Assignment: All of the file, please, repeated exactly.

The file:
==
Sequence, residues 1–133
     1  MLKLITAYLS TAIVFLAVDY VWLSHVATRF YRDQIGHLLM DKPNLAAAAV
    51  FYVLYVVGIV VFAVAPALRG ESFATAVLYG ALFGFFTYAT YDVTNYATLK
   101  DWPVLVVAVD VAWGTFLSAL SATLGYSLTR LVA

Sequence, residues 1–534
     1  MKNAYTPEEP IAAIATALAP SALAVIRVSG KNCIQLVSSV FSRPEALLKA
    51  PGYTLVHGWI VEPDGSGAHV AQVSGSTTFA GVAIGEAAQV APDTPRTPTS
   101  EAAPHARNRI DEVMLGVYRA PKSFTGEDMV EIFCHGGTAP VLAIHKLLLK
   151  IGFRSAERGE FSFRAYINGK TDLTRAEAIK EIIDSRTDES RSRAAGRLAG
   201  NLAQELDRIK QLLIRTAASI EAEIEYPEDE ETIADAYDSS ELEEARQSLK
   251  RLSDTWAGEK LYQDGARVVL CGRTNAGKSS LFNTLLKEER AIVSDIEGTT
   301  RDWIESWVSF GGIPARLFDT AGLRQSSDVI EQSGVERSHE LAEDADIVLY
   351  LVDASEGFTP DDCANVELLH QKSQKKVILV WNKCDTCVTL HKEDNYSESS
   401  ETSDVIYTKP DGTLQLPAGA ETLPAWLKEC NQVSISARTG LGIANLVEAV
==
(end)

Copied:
Sequence, residues 1–133
     1  MLKLITAYLS TAIVFLAVDY VWLSHVATRF YRDQIGHLLM DKPNLAAAAV
    51  FYVLYVVGIV VFAVAPALRG ESFATAVLYG ALFGFFTYAT YDVTNYATLK
   101  DWPVLVVAVD VAWGTFLSAL SATLGYSLTR LVA

Sequence, residues 1–534
     1  MKNAYTPEEP IAAIATALAP SALAVIRVSG KNCIQLVSSV FSRPEALLKA
    51  PGYTLVHGWI VEPDGSGAHV AQVSGSTTFA GVAIGEAAQV APDTPRTPTS
   101  EAAPHARNRI DEVMLGVYRA PKSFTGEDMV EIFCHGGTAP VLAIHKLLLK
   151  IGFRSAERGE FSFRAYINGK TDLTRAEAIK EIIDSRTDES RSRAAGRLAG
   201  NLAQELDRIK QLLIRTAASI EAEIEYPEDE ETIADAYDSS ELEEARQSLK
   251  RLSDTWAGEK LYQDGARVVL CGRTNAGKSS LFNTLLKEER AIVSDIEGTT
   301  RDWIESWVSF GGIPARLFDT AGLRQSSDVI EQSGVERSHE LAEDADIVLY
   351  LVDASEGFTP DDCANVELLH QKSQKKVILV WNKCDTCVTL HKEDNYSESS
   401  ETSDVIYTKP DGTLQLPAGA ETLPAWLKEC NQVSISARTG LGIANLVEAV